Reformed Perspectives Magazine, Volume 9, Number 9, February 25 to March 3, 2007
The Practical Implications of Calvinism Albert N. Martin Albert Martin is the Senior Pastor of Trinity Baptist Church, Essex Fells, New Jersey. This material is the substance of an address which was transcribed with minor revisions from the tape.
The Experience of God B. B. Warfield describes Calvinism as ‘that sight of the majesty of God that pervades all of life and all of experience’. In particular as it relates to the doctrine of salvation its glad confession is summarized in those three pregnant words, God saves sinners. Now whenever we are confronted with great doctrinal statements in Holy Scripture, God does not leave us merely with the statement of doctrine. The end of God’s truth set before the minds of God’s people is that, understanding it, they might know its effect in their own personal experience. So the grand doctrinal themes of Ephesians, chapters 1, 2 and 3 are followed by the application of those doctrines to practical life and experience in Ephesians, chapters 4, 5 and 6. The end for which God gave his truth was not so much the instruction of our minds as the transformation of our lives. But a person cannot come directly to the life and experience, he must come immediately through the mind. And so God’s truth is addressed to the understanding and the Spirit of God operates in the understanding as the Spirit of wisdom and knowledge. He does not illuminate the mind simply that the file drawers of the mental study may be crammed full of information. The end for which God instructs the mind is that he might transform the life. What, then, are the personal implications of Calvinistic thought and truth both in the life of the individual and in the ministry exercised by the individual? By personal implications I mean the implications of your own relationship to God without any conscious reference to the ministry. Now, these things cannot be separated in an absolute sense, for as has been well said, ‘The life of a minister is the life of his ministry’. You cannot separate what you are from what you do; you cannot separate the effect of truth upon your own relationship to God personally from the effect of truth through you ministerially. For the sake of bringing the principles into sharp focus I am separating them, but in no way do I want to give the impression that these two are in rigid categories.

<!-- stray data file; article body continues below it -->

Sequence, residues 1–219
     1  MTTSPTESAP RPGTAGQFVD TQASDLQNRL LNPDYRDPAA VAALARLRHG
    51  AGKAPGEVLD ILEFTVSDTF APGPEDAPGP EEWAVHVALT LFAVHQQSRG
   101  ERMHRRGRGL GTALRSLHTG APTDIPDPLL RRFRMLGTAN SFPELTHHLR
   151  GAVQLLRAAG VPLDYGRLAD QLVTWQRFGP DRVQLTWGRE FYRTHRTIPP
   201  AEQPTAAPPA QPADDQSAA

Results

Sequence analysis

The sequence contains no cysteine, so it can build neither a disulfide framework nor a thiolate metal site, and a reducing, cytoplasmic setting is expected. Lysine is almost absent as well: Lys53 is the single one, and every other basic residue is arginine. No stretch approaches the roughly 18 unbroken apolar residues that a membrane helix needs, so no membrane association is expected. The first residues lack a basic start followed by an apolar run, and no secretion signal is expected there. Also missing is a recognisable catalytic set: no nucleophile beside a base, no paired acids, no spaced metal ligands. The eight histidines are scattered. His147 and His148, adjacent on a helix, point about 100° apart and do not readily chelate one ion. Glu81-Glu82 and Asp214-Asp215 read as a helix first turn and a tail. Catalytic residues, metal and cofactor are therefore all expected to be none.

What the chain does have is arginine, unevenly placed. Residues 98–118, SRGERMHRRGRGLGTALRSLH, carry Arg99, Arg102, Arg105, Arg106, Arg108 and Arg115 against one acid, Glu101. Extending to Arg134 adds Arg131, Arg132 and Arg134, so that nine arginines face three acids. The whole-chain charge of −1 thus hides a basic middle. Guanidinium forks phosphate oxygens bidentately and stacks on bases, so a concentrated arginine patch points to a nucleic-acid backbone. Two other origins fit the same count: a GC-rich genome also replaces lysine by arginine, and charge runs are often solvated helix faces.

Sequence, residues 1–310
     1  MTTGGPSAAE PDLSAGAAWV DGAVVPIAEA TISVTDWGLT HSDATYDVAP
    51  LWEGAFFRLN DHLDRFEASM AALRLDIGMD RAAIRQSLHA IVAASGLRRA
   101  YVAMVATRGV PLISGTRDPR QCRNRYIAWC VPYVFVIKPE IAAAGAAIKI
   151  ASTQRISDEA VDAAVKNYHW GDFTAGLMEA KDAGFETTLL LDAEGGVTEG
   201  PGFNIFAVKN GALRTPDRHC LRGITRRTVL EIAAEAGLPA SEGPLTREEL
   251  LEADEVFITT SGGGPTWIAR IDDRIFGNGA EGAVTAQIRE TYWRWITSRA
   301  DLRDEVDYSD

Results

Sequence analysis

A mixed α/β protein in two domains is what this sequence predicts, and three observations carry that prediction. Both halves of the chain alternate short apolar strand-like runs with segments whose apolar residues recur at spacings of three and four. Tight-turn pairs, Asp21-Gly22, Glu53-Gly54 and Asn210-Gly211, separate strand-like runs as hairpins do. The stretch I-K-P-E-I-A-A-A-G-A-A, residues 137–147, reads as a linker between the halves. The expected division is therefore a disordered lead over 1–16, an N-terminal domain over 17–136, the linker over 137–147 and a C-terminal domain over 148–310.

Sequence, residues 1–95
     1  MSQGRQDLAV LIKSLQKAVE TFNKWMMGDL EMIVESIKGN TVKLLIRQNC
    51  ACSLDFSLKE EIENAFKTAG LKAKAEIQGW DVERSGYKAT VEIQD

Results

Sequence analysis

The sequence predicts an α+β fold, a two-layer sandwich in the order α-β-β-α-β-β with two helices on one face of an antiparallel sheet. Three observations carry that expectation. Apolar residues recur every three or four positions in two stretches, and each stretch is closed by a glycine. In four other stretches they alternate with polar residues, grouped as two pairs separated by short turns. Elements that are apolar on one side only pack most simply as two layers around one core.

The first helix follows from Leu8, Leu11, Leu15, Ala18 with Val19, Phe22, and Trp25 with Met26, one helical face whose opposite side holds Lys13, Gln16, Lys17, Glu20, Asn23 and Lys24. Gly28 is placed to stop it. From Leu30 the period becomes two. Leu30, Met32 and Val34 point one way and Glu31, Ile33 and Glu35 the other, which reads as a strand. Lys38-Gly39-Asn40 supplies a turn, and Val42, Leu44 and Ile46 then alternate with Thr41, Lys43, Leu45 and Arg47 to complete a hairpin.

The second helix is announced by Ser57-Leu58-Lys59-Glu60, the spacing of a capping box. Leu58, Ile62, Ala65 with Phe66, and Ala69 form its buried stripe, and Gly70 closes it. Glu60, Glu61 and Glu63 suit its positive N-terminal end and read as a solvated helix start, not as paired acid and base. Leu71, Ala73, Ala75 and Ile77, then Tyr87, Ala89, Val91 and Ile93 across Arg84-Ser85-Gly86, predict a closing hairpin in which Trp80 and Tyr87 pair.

I ask then, What are the implications of Calvinistic thought, this vision of the majesty of God and of the saving truth of Scripture as it relates to us as individuals? In answer let us go back to that general principle which B. B. Warfield calls the ‘formative principle of Calvinism’. I quote Warfield’s words: It lies then, let me repeat, in a profound apprehension of God in His majesty, with the poignant realization which inevitably accompanies this apprehension, of the relation sustained to God by the creature as such, and particularly by the sinful creature. The Calvinist is the man who has seen God, and who, having seen God in His glory, is filled on the one hand with a sense of his own unworthiness to stand in God’s sight as a creature, and much more as a sinner, and on the other hand, with adoring wonder that nevertheless this God is a God who receives sinners. He who believes in God without reserve and is determined that God shall be God to him in all his thinking, feeling and willing — in the entire compass of his life activities, intellectual, moral and spiritual — throughout all his individual social and religious relations, is, by force of that strictest of all logic which presides over the outworking of principles into thought and life, by the very necessity of the case, a Calvinist. 1 Notice that when B. B. Warfield defines Calvinism and the Calvinist he used words of a strongly experimental nature. The words ‘apprehension’ and ‘realisation’ deal primarily with the understanding, though they go beyond that, but when we come to words such as ‘seen God’, ‘filled on the one hand with a